Image: Flickr/Patrick Cardinal
In the wake of the disappearance of Malaysia Airlines flight MH370, which has now evaded search operations for two months, everyone realised that finding a plane in the vastness of Earth isn’t as easy as tracking a blip on a screen.
Various technological solutions have been touted for improving plane tracking in the future, from new radar systems to bigger satellite constellations. But perhaps the one device that most clearly needs an upgrade is the planes’ own flight recorder; the famous black box.
The BBC reports that in response to the MH370 incident, the European Aviation Safety Agency (EASA) has released proposals to change the requirements of flight recorders and plane locating devices so that they’re easier to recover in case of an accident.
EASA spokesperson Ilias Maragakis told me the proposals were actually initially spurred by the 2009 Air France incident, in which a plane also seemingly disappeared mid-flight. Its black boxes weren’t discovered for a couple of years, long past the 30-day period in which the underwater locating devices (ULDs) on flight recorders are required to transmit signals. “What we realised is it would have been a lot easier if the time period for when these recorders were transmitting would be prolonged for an additional time, in this case from 30 to 90 days,” said Maragakis.
He pointed out that even though the boxes’ ULDs currently transmit for 30 days, that doesn’t mean you have 30 days to search for debris—you have to find the signal first, and then there’s the matter of bad weather that could disrupt the search. The extension to 90 days was first suggested by French aviation authority BEA.
An opened flight data recorder recovered from American Connection flight 5966, which crashed October 19, 2004 in Missouri. Image: NTSB
Extending the transmission time for the black boxes means they have to be able to survive longer: they need a longer battery life and a tough exterior. “It’s not just any electronic device; you need to make sure it’s survivable in a crash, it detects water, and so on,” said Maragakis. A whole new device would be required, but he said the devices are generally changed every few years anyway.
EASA also proposes equipping larger planes with a separate type of ULD that sends a signal out at a lower frequency (from around 37.5 kHz in current designs to 8.8 kHz, Maragakis said), and is therefore able to travel much further, at around 11 km as opposed to the 1.5 km or so range of the other ULDs. This would be installed on the centre of the aircraft—“so that we ensure that where this device will be, also the wreckage will be,” said Maragakis.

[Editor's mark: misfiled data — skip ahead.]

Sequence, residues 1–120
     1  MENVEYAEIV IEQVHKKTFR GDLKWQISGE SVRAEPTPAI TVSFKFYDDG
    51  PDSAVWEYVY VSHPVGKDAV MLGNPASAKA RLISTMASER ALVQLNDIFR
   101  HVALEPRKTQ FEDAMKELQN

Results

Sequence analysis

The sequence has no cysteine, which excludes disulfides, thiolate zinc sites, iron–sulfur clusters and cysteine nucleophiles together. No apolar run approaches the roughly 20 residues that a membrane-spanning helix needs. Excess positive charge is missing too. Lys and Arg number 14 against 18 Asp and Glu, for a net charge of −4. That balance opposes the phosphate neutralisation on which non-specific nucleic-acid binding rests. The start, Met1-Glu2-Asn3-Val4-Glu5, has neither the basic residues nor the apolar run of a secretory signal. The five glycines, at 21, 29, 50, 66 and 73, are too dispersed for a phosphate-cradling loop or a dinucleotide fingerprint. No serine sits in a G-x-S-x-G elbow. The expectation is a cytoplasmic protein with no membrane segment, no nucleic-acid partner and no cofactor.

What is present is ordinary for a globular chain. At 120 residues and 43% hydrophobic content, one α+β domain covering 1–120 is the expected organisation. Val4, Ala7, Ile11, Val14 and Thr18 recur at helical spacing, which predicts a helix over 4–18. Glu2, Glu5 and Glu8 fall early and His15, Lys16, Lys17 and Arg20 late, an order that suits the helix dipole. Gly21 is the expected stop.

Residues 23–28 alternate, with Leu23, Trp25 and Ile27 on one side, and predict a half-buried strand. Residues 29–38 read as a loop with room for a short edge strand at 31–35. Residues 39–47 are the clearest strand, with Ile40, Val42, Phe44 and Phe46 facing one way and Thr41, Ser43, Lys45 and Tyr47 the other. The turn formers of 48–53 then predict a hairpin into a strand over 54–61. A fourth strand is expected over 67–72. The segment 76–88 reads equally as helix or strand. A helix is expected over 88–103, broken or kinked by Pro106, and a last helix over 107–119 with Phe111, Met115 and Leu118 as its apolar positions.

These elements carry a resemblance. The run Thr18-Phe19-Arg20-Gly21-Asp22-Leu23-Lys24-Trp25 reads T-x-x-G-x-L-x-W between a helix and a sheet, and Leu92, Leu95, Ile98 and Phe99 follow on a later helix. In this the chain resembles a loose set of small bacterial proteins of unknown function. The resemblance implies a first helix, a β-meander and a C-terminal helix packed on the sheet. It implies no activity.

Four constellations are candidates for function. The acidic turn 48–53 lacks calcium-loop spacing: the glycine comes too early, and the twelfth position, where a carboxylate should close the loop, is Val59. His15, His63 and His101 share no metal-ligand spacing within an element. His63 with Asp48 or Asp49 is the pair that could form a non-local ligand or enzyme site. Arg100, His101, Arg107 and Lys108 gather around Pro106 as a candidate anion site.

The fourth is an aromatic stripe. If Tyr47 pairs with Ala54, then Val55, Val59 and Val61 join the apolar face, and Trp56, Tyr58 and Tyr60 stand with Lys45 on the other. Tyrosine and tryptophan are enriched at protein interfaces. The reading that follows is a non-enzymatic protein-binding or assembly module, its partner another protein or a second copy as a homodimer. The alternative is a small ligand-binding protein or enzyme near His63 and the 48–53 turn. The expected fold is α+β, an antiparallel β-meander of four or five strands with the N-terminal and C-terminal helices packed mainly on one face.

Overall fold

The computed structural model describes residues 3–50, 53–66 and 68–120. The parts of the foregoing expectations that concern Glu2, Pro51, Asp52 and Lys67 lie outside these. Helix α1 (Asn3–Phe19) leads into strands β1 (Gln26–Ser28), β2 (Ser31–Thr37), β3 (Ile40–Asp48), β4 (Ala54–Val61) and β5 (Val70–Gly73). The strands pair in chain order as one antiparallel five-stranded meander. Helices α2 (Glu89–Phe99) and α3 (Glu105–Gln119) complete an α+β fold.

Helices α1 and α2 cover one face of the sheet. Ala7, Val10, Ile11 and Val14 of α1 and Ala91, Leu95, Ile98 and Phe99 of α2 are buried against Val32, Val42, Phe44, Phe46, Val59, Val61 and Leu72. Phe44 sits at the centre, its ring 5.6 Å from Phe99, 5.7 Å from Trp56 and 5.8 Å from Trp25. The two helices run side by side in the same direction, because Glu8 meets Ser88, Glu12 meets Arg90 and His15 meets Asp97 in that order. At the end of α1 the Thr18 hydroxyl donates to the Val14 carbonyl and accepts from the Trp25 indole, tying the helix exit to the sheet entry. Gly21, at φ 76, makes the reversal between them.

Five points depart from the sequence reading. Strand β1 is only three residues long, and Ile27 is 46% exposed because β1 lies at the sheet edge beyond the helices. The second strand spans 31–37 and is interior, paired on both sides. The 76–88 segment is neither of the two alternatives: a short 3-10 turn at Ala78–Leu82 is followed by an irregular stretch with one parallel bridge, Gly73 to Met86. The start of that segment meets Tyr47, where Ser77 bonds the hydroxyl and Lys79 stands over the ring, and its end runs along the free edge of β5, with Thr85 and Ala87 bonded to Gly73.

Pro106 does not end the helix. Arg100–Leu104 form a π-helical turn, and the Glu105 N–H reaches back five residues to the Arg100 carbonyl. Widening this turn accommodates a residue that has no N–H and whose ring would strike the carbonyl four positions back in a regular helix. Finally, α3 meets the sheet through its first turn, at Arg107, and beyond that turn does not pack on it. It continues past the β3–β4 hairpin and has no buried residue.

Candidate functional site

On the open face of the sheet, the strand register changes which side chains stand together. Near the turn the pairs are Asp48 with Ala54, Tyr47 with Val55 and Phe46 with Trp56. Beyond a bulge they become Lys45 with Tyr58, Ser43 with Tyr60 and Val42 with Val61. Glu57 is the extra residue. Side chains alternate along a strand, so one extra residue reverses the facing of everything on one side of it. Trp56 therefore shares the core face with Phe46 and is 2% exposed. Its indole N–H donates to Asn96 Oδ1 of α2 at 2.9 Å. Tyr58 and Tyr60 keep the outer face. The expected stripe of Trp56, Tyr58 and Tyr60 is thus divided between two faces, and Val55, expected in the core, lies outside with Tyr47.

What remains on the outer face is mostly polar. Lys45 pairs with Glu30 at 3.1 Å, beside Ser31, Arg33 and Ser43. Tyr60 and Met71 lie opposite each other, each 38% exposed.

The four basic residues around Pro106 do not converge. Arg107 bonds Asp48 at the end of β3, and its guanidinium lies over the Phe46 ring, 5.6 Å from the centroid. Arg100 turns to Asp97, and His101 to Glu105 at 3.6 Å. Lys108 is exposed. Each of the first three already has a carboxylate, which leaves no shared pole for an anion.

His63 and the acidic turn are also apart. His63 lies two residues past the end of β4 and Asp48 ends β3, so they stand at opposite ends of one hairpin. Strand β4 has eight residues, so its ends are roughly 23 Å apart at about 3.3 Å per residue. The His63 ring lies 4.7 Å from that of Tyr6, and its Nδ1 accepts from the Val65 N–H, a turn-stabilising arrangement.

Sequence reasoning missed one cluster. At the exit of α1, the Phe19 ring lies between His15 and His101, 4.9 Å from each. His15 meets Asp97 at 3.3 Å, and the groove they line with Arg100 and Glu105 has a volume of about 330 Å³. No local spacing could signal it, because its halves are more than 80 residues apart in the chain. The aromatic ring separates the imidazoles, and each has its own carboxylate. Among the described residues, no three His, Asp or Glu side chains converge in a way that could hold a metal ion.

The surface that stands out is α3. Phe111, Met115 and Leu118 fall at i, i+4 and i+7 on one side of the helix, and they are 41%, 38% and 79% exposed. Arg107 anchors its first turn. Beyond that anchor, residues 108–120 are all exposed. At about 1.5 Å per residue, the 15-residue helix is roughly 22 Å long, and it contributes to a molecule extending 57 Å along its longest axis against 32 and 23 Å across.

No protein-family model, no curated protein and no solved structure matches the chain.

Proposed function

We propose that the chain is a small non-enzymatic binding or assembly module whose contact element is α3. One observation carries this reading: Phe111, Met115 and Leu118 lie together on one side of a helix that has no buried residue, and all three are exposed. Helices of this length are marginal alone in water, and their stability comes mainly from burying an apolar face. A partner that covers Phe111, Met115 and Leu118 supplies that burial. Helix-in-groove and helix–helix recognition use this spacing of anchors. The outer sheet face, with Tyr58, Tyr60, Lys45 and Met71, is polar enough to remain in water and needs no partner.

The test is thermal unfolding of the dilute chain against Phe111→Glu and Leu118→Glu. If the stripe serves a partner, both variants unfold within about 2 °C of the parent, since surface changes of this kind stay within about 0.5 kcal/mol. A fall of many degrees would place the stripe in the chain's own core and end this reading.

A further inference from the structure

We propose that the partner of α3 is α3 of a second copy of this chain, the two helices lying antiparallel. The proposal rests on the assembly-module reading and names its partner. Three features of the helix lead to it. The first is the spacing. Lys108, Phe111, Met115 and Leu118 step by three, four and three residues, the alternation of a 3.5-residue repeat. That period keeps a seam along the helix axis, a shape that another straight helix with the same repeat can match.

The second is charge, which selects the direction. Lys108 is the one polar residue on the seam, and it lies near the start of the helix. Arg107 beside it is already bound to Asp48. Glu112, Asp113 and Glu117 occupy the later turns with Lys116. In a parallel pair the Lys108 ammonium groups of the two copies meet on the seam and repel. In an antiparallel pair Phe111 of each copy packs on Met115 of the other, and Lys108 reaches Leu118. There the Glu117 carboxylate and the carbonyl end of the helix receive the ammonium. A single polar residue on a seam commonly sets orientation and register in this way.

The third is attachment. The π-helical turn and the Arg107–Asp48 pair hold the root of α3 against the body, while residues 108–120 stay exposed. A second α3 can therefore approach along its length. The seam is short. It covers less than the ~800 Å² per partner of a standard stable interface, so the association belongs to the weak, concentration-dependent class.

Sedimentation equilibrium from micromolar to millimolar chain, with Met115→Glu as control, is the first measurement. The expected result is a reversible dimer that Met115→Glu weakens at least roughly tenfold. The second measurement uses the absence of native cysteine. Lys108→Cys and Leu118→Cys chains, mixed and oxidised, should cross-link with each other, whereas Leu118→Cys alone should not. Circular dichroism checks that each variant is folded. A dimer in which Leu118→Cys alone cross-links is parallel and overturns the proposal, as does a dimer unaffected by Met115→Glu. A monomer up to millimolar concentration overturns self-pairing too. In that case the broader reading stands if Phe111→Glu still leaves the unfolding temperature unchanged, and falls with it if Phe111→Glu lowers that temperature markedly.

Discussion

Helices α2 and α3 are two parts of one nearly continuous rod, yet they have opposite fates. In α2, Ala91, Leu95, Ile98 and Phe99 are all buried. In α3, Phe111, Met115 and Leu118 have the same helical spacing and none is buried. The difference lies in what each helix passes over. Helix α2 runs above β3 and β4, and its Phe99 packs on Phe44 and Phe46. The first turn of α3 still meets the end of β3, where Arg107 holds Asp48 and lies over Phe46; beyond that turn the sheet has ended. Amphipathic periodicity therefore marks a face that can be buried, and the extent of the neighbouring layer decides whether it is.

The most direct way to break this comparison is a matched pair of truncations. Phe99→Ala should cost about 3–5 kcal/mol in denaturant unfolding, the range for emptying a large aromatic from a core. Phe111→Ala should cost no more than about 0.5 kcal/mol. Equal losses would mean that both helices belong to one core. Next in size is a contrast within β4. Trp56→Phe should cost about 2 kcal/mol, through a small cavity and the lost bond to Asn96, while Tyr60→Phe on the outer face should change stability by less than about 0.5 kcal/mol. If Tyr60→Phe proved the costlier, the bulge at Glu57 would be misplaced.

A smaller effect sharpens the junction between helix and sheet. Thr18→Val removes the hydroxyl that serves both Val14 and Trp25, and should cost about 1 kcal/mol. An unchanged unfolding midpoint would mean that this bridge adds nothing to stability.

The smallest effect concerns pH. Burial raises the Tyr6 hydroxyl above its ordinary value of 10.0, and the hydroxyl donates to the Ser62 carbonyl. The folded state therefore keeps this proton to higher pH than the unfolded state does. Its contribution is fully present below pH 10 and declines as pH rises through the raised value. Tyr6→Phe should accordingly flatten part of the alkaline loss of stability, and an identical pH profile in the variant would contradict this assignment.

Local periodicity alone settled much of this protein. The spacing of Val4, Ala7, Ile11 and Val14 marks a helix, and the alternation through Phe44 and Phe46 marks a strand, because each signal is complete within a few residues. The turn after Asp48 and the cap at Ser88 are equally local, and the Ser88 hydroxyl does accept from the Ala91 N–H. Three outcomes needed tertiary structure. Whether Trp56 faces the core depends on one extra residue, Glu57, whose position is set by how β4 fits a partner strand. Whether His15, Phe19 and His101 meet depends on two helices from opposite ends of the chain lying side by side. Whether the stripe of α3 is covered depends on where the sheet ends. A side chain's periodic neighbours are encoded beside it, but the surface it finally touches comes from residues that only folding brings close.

A third main change involves the voice recorder in the cockpit. EASA wants to increase the recording time of those devices from two hours to 20 hours, so that all sounds in the flight can be captured. I was quite surprised to learn that doesn’t already happen—why the current two-hour cut-off?
Maragakis said it was even shorter before the 1990s, when recorders worked off magnetic tape. In an era of iPods, things haven’t developed at the rapid clip you might expect. This, he explained, was because of the safety of civil aviation—it is, statistically, a very safe mode of transport. “However, being safe means you’re always careful when you introduce something new into the system,” he said. Basically, you want to make sure a hard drive-based system, for example, will work perfectly well before installing it, and that it's as robust as the old magnetic tapes.
There’s also a personal data issue there, with some pilots and other crew in the cockpit—which is their workplace, after all—hesitant to accept new recording methods. The recordings aren’t supposed to be accessed unless there’s an incident, but it’s still a concern that needs to be taken into account.
The EASA’s proposals, which have already been open to comments, will now go through a committee so that European member states can comment further, and then to the European Commission. Maragakis said they should become regulation in less than 12 months.